there to offer practical and sympathetic support on numerous other
occasions and throughout the two-week trial. In addition they were
able to provide us with information about Darren Colling, who had
kept his identity from us and groomed his association with George
with tragic consequences.

The intimate role of police liaison officers supporting families
of murdered children must of course vary according to individual
circumstances, particularly so when the murderer is a known family
friend or member. However my own experience highlighted a conflict
between the investigative priorities of the inquiry, with
statements being taken from family members by the liaison officers,
which were subsequently read out in court during the trial, and the
personal unguarded confidences shared with the officers at a time
of acute grief and shock, which were to culminate in an uneasy
acceptance of our individual roles of police and parents.

It is for this reason that I feel the role of liaison officers
should be performed by, independently funded multi-agency
personnel, trained to advise accessing benefit funding, and
informing on trial and legal procedures, who would be best able to
provide the support so appreciated by those families who experience
the devastating loss of a child.
Professionals as well as the public have enormous empathy towards
the emotional impact murder of a child is likely to have upon a
family. Practical issues however, such as how do the bills get paid
when grief renders the main provider unable to work, are often

 Although the need for emotional support is widely recognised,
services to support families’ emotional wellbeing, are in my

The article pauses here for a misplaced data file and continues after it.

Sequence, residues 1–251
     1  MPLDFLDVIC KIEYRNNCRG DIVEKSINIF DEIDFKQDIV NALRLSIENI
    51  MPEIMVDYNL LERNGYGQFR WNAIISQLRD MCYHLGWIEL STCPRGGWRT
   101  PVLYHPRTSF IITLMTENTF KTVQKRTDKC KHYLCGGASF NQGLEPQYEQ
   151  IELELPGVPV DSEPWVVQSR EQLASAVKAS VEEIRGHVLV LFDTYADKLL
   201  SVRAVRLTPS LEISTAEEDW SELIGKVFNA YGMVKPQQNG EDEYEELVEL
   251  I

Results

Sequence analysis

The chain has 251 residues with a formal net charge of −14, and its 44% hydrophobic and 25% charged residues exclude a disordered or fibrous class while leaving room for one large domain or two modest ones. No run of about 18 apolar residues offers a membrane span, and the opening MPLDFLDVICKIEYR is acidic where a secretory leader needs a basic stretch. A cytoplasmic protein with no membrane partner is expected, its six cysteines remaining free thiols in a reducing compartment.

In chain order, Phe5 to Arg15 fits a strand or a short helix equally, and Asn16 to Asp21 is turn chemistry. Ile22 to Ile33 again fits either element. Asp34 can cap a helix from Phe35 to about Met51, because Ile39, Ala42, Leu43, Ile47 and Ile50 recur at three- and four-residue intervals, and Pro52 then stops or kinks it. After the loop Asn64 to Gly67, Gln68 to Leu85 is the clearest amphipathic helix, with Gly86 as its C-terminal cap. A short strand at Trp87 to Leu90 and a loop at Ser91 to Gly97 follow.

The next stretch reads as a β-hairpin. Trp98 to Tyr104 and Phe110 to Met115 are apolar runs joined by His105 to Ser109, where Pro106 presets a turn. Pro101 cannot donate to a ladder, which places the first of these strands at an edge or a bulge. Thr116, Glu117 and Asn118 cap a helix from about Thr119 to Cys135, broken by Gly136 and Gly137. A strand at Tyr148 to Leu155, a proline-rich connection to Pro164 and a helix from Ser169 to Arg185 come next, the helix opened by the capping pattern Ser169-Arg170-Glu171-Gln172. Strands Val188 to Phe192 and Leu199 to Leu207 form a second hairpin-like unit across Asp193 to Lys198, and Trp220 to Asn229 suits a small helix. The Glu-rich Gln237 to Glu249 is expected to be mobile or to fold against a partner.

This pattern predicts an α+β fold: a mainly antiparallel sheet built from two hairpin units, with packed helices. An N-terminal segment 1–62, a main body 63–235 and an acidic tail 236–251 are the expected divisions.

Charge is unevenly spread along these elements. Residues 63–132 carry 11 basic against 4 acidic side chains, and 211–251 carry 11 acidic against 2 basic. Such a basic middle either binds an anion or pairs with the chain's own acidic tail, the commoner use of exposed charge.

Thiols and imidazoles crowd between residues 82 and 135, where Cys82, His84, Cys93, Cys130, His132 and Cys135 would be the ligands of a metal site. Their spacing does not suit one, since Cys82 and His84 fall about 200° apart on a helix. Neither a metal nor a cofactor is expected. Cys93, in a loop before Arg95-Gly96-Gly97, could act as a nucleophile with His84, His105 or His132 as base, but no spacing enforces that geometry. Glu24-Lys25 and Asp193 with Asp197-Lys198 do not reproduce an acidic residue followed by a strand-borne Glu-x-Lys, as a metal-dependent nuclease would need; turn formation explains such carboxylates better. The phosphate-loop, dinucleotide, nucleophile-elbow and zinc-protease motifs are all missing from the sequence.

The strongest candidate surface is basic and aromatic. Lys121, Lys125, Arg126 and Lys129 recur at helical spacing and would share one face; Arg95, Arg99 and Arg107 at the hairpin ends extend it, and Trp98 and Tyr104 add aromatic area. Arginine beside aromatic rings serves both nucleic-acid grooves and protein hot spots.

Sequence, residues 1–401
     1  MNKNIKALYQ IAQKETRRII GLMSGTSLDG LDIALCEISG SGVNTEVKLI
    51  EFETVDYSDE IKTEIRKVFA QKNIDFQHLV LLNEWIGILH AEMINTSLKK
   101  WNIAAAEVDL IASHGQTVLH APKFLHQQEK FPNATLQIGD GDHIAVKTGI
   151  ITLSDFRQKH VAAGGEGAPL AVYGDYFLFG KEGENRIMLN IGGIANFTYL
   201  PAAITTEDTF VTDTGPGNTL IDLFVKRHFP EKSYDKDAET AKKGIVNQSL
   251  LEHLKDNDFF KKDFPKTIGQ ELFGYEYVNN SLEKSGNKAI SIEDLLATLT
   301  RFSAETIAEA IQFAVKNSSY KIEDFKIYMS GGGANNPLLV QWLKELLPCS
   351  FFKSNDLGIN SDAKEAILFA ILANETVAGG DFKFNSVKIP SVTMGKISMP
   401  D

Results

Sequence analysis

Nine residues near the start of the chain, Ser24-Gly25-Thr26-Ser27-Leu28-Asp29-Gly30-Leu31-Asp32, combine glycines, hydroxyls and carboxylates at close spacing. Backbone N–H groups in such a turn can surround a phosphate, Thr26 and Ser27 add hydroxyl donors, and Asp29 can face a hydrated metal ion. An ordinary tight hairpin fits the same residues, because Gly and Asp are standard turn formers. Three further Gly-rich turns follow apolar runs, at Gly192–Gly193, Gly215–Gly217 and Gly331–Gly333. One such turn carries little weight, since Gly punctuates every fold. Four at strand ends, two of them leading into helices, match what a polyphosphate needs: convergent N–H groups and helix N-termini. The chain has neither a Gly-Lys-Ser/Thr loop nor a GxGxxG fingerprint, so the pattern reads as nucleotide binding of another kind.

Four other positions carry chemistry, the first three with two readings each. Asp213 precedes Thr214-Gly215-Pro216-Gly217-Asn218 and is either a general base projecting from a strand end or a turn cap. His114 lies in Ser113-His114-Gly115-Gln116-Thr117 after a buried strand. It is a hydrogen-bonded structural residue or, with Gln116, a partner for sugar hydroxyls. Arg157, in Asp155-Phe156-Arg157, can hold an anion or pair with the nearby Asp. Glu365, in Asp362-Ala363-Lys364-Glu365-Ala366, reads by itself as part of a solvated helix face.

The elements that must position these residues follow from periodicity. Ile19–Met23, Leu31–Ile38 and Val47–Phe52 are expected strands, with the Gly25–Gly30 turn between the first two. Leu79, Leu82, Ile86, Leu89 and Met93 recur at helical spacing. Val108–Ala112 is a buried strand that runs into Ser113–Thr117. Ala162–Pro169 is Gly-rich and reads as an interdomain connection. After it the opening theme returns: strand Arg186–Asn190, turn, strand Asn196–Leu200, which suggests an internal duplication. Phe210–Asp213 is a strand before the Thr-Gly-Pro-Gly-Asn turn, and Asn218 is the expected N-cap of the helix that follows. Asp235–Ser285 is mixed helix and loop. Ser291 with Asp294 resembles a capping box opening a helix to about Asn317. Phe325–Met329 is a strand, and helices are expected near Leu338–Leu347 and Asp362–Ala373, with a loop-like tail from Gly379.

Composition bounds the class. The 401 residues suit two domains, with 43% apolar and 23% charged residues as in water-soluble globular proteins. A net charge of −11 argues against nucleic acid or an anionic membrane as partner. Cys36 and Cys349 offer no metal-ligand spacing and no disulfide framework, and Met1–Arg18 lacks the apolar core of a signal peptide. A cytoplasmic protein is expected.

experience, very limited. Immediately after the event family
members are usually in shock and counselling often offered at that
point is unlikely to be appropriate or helpful. Many months later
at the point when the awful reality of the murder had sunk in, I
was offered anti-depressants and a long wait for time limited
counselling through my GP. I was not offered or able to fund the
alternative therapies I would like to have tried to ease my
emotional distress.

Family Liaison Officers support families in the period up to and
throughout the trial, but our experience was one of being left
unsupported in the acutely difficult time immediately after the
trial.  Research highlights this as a time of emotional
vulnerability for co victims. For the police a guilty verdict is
the culmination of their work on the case and marks professional
closure. If the police continue to be the lead agency in family
liaison services, their training and policy procedures need a more
sensitive approach to exit strategies.

Support services recognise the need for parents and close family
members to continue receiving information, for example, the tariff,
applications for appeals, parole and release dates. The probation
service now has a duty to provide these details if requested by the
families, but support from other agencies is not so readily
available and fails to respond to long-term post traumatic effects
experienced by bereaved families.”

Alice Mortimer